Montmartre is located in the 18th arrondissement, and you will (probably) recognise three of its landmarks.
The Moulin Rouge
the café where Amélie Poulain worked,
and the Sacre Coeur.
The first two sites are right next to each other as you come out of Metro Blanche. The Moulin Rouge is across the street, and the café is on the street just to the right, which climbs the hill – rue Lepic.
Before you get to Amélie’s café, be sure to notice (or grab a drink in) the Lux Bar, which is on the same side of the street and has beautiful Art Deco mosaics on its walls.
Montmartre is hilly –
and there is a lesser-known windmill, which is privately owned, called the Moulin des Galettes.
(You can barely see the blades of the windmill through the trees).
What’s interesting about this place is that the owner – the last of four brothers who ran this two-century, family-owned business – rebelled against the Cossacks (the Russians) who were taking over Paris in the 1820s. He had himself nailed to the blades of the windmill as a final act of defiance and desperation.
Another interesting point. The word bistro – which to Parisians simply means café (i.e. a French bistro) – is the Russian word for “quickly!” And that’s what the Cossacks used to shout to the frazzled Parisian restaurant owners when they placed their orders. The word stuck.
This windmill later became an indoor garden and ballroom, and is the scene of Renoir’s 1876 painting, aptly named, “The Ball at the Windmill of the Galette.”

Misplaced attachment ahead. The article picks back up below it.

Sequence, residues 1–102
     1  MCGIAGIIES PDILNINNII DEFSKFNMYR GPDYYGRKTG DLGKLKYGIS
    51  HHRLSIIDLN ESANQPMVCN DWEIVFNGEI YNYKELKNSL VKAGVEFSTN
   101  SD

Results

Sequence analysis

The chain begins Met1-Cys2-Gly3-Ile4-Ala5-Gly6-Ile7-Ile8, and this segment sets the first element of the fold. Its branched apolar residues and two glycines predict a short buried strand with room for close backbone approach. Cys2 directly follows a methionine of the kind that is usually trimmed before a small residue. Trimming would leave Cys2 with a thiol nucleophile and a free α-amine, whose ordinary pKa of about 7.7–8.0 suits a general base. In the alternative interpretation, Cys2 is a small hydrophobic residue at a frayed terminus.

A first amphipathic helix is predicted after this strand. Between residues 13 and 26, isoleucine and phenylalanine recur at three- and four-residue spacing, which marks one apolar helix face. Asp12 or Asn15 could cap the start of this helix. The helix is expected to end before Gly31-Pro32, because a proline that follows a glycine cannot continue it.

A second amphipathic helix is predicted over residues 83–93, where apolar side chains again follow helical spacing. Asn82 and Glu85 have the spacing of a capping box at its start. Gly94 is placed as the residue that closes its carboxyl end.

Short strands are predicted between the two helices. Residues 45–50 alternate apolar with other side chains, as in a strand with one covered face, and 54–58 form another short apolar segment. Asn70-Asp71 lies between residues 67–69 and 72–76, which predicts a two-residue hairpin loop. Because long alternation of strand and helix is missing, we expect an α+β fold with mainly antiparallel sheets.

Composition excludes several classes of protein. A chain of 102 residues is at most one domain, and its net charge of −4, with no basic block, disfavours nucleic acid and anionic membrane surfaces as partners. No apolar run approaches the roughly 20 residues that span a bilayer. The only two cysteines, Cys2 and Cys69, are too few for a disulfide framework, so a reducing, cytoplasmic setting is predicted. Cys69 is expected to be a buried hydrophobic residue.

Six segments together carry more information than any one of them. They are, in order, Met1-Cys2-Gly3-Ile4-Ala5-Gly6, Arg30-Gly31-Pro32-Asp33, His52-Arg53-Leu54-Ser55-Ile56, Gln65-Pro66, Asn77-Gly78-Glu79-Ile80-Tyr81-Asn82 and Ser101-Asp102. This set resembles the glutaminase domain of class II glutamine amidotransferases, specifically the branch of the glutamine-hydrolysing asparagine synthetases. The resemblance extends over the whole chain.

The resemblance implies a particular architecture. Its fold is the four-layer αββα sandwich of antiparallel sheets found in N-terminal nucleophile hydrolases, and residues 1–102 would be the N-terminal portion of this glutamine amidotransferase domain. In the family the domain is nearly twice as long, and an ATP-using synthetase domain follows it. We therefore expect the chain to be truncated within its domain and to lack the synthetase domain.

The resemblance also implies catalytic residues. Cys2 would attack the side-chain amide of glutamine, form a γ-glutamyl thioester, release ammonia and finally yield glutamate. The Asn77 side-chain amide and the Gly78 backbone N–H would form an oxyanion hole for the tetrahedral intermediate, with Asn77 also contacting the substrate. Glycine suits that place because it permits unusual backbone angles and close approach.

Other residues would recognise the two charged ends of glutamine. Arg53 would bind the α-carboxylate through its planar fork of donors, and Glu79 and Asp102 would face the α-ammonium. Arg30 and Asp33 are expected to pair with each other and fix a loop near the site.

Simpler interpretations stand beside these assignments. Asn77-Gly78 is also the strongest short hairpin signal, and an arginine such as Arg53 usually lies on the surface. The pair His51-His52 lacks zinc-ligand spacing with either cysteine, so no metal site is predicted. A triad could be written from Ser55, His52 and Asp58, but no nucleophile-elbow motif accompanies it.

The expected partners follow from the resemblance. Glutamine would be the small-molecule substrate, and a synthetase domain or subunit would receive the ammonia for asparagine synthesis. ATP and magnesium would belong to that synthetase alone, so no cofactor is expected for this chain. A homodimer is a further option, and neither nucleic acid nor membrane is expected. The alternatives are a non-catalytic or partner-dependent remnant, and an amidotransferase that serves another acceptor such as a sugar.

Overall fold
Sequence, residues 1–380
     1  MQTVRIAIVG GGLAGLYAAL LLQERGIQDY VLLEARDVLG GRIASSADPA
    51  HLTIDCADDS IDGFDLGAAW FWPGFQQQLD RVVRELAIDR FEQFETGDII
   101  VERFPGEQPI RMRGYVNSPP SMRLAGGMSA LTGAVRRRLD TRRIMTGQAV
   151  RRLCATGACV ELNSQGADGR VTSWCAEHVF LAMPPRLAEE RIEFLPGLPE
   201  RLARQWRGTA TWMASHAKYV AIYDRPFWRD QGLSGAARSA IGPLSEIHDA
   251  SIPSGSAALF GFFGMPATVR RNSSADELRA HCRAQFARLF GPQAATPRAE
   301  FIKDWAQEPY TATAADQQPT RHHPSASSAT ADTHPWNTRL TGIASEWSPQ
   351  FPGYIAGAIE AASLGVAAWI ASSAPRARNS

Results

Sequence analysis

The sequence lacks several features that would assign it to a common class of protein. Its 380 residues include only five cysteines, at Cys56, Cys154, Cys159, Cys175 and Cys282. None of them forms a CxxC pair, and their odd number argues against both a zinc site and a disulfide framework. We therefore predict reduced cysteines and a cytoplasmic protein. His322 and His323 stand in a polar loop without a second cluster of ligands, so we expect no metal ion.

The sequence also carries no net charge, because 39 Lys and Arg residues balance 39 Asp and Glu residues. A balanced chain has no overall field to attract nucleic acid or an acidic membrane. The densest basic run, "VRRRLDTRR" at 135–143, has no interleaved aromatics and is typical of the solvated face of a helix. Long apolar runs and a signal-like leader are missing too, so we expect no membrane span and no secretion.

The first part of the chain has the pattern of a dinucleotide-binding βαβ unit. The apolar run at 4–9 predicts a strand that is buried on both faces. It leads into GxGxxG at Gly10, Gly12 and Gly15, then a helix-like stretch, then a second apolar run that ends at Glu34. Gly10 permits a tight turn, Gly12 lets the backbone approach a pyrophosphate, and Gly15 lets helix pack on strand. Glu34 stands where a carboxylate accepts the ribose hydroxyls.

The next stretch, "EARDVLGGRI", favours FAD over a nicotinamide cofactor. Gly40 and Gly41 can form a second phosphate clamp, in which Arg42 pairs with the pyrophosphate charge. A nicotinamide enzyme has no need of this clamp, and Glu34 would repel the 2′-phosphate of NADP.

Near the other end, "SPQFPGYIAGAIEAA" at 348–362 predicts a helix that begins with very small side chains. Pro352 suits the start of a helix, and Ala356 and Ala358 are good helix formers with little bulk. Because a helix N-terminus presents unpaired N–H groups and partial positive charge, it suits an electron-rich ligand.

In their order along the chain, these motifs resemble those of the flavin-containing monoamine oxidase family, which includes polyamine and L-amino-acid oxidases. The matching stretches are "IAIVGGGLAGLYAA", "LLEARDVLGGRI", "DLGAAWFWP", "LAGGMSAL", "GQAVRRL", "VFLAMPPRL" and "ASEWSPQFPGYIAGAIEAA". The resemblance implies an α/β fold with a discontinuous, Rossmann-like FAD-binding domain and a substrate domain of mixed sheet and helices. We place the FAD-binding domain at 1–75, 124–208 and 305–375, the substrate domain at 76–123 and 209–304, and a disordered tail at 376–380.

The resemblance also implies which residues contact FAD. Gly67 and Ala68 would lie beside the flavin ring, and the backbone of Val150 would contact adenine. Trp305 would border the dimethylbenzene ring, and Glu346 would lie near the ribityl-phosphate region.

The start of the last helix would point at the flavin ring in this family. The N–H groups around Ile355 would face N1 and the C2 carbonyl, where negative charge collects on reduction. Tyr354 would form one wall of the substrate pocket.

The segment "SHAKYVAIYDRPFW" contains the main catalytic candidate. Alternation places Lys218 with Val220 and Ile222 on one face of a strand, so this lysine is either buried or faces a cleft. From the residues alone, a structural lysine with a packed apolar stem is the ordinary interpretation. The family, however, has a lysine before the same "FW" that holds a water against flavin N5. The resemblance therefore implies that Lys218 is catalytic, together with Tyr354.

You keep climbing until you reach the Sacre Coeur (there is a grounded cable car for those who cannot make the climb)
and then you get this view-
a magnificent view over Paris.
(and to your left, a view of the Marché St Pierre, famous for its fabric)
And the experience is complete with an accordion player in a beret, playing La Vie en Rose.
Montmartre stands for Hill of the Martyrs. I was able to get some of the history from this site. There is also an English translation, but it’s not as comprehensive as the French, and it doesn’t have all the pictures of the Sacre Coeur in construction (which are worth clicking over for).
Montmartre was originally a worship site for the Druids (the educated Celtic professionals and religious leaders that were located in France, Britain and Ireland). It was later where the Romans built temples to Mars and Mercury. And the oldest Christian worship site is the Church of St Peter, built in the 12th century.
If I’m not mistaken, this is it (below), although I didn’t realise what I was taking when I snapped the photo. It’s just to the West of the Sacre Coeur, practically attached to it.
The Sacre Coeur is not actually considered beautiful by modern day architects. It’s a copy of the Roman-Byzantine era, but it’s just that – a copy. Its proportions are not considered to be pleasing. It’s too tall, too white. It looks like a wedding cake.
No pictures were allowed inside, so I only took the outside.
Right next to the Sacre Coeur is the Place du Tertre.
This is where artists gather, but again – only a poor copy of the early modern artists of the 20th century who used to congregate there (or live there, like Picasso did).
There’s Montmartre village. Adorable and touristy.
And lots of pretty, hilly streets boasting some of the few houses left in Paris.
You are sure to find something that makes your heart sing in Montmartre. Have you been?